Now that we are back home and getting used to being in a routine again, I finally have time to update this site. Zack was very excited to come home and giggled when he climbed into his bed. He said he missed his pillows and his cozy sheets. I felt the same exact way. To make our first night home even better, Zack slept through the night for the first time in months. I am pretty sure I heard rejoicing in the heavens…or that just might have been me.
While Zack was in the hospital, the doctors told us that it was time to start looking at some more obscure things. I guess doctors have a saying that goes something like, “Don’t go looking for zebras.” Meaning, don’t go looking for a complicated illness when a more common one is most likely. The attending pediatrician on service this past week is a GI as well. We have known him since 2013 and have great respect for him. During rounds he told us that it is time to start treating Zack like an albino zebra. He said that Zack has been “medically brittle” for a long time and on the brink of disaster for months. It is time to start digging deeper to see if we can come up with some reasons for Zack’s super high output and sodium losses.
Big brother helping Zack be brave for his PICC dressing change.
Walter Reed and Cincinnati shared testing information so that we do not have to repeat a bunch of tests. The doctors here came up with some new things they would like to investigate. One thing they are considering is the possibility that Zack’s intestines are not processing sugars correctly. This is all new to me, so it is quite possible that I am getting things wrong here. They want to make sure his pancreas is functioning well and a few other things. They said many things. My brain was tired. I cannot remember it all. I need a secretary.
One of their plans was to have Zack undergo another endoscopy while he was in the hospital. Sadly, he had a pretty good cough and anesthesia is never a good idea when you have a cough. We will schedule that in the next few weeks. During the scope they will take tissue samples from a variety of places. I know they will be looking closely at the villi to see how certain enzymes are being processed. They want to magnify tissue to many times greater than a normal biopsy to see the arrangement of cells. They also talked about getting something from his bile ducts. Again, I need a secretary. If I come back in a few weeks and write something completely different, you can assume I had this wrong…but I am fairly confident at least some of it is correct.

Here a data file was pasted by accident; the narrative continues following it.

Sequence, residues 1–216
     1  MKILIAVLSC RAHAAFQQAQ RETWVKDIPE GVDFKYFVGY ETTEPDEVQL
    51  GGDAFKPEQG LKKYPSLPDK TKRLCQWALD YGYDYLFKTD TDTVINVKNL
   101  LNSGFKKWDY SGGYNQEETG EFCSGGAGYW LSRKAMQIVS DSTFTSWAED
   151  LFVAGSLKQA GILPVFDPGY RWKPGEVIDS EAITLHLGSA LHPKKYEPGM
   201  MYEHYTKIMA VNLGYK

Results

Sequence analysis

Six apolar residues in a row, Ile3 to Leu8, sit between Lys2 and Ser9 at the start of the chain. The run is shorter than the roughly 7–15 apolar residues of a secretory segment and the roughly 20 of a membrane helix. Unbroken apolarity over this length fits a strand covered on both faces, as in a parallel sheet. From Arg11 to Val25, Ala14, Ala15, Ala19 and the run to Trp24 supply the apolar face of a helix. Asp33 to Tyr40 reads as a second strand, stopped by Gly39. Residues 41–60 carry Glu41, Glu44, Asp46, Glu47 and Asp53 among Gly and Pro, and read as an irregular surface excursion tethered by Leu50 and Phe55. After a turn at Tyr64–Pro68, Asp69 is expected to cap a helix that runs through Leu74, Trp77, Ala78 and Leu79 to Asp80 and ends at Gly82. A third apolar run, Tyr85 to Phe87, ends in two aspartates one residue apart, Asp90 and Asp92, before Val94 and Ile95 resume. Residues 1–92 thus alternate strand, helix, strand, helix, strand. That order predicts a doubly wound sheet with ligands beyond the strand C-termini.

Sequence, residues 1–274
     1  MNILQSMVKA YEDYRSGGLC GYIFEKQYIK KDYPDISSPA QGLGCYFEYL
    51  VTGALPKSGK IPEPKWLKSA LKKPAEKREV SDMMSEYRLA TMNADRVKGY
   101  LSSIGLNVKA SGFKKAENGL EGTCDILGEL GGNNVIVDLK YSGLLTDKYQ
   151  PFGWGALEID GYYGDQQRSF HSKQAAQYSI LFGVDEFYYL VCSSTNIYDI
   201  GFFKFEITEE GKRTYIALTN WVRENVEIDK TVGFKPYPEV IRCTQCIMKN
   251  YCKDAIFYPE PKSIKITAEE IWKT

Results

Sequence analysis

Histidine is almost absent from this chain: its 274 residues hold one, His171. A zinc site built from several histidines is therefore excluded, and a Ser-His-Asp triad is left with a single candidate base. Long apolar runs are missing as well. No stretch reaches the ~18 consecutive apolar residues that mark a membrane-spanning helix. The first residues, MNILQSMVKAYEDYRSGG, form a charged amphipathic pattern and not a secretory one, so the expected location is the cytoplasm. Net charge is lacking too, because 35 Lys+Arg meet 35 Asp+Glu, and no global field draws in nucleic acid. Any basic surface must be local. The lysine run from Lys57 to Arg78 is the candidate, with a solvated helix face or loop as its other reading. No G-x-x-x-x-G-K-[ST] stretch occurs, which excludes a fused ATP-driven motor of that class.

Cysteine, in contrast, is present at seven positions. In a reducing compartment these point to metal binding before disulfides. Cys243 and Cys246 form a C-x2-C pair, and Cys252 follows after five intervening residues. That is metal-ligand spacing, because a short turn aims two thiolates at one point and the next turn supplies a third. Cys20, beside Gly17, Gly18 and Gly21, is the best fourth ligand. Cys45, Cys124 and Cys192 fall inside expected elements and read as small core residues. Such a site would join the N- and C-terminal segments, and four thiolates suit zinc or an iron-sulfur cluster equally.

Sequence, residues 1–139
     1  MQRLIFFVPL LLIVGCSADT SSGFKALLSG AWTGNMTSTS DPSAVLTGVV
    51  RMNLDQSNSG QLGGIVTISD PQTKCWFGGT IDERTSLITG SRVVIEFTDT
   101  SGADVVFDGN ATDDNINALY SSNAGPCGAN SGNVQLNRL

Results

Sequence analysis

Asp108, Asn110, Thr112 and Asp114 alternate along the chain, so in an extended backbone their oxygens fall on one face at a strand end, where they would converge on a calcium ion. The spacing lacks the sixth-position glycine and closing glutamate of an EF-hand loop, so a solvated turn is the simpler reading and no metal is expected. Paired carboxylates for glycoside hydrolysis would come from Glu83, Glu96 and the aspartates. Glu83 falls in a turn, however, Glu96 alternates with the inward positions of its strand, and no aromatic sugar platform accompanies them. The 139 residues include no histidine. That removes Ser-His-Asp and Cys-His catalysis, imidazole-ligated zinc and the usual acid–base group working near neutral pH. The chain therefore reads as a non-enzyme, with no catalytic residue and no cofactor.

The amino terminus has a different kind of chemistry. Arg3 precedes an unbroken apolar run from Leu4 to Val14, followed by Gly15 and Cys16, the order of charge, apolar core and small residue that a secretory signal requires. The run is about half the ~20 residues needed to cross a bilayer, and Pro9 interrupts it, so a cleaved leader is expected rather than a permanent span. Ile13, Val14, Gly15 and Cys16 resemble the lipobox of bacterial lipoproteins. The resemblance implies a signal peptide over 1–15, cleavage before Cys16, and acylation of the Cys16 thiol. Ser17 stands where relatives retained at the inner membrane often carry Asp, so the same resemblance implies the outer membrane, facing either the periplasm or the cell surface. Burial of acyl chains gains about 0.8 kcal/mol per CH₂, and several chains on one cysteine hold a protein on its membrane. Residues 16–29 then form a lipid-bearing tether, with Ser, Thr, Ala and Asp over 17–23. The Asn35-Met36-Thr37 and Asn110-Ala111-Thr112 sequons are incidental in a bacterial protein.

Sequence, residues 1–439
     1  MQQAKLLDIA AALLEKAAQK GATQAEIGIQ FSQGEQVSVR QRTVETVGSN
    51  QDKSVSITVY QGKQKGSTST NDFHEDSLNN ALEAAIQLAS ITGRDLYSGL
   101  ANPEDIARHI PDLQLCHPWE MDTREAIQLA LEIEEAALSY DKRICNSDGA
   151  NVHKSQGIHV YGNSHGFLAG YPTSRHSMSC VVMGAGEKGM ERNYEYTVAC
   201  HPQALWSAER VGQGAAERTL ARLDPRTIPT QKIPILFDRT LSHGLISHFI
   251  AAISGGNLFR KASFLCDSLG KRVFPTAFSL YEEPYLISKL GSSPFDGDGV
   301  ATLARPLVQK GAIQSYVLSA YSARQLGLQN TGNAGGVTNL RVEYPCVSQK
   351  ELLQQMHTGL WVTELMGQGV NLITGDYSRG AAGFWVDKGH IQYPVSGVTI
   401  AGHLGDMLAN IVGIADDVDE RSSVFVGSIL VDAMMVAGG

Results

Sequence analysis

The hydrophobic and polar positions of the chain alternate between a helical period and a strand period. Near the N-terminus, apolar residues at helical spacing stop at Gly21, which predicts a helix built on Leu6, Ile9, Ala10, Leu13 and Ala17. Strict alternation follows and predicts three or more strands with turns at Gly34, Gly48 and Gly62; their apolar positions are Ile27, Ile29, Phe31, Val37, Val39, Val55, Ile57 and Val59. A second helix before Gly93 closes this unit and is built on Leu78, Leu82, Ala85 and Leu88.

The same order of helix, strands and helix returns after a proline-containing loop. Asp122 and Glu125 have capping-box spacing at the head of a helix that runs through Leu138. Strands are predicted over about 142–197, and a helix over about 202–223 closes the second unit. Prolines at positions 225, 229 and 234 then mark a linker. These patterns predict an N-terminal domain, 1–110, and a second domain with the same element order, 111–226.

Zack’s high output also causes him to lose a lot of sodium. I always knew low sodium (hyponatremia) could be an issue, but I did not realize just how dangerous it can be. Because Z’s levels have been low for so long, we spent a lot of time in the hospital getting his levels back to normal. In an effort to keep them normal and prevent such big fluid losses, his doctors have suggested putting him on CeraLyte 70 as his primary form of liquid during the day. CeraLyte is a oral hydration therapy and comes in several different strengths. In addition to using CeraLyte 70 for daily hydration, they sent us home with “rescue doses” of CeraLyte 90 to give through his g-tube when his output is really high until we can get him in for labs. From their literature: CeraLyte 90 is for severe diarrhea and dehydration–where fluid losses are high–such as in cholera or with short bowel or ileostomy. Who knew this was a thing? Why didn’t anyone know about it before? So many questions…
All of that sounded great when Zack was in the hospital. And then we came home and actually got the product. Our home health company could only send the natural flavor at first and let me tell you…it is not something you can sell to a kid as something fun to drink. While we can give it through his g-tube, Zack likes to drink and if he cannot have anything else all day it isn’t going to work. Actually, he can have 6 ounces of another liquid, but have you seen ever measured 6 ounces? I’m pretty sure we will have a mutiny on our hands. We will see his GI on Monday and talk about the plan and see if we can turn it into an executable one.
Zack and Aslan. Quite possibly the most awesome dog in the world. By the way…Zack is 49″ tall, so that is one big puppy!
The good news is that Zack’s sodium levels were all in the normal range when we left the hospital on Tuesday. That was the first time that has happened in months. He feels great and is back in school. Speaking of school, Zack received his new laptop today and, even better, they trained me on how to use it. I am pretty sure I needed the training more than Zack. He is so excited to have his own computer. He has already mastered the Kurzweil reading program and is enjoying The Lion, The Witch and The Wardrobe.
Trying out his new laptop.
As you can see, things are getting back to normal around here. We are so grateful for all of the people who helped us get through the past two weeks. To all of our awesome neighbors, thank you for helping Jim keep Zack stable and for transporting him to the hospital. To all of our awesome hospital friends, thank you for taking such good care of Zack and of me. To our friends and family, thank you for checking on us, visiting us and bringing us food. You all rock!
Hug your babies!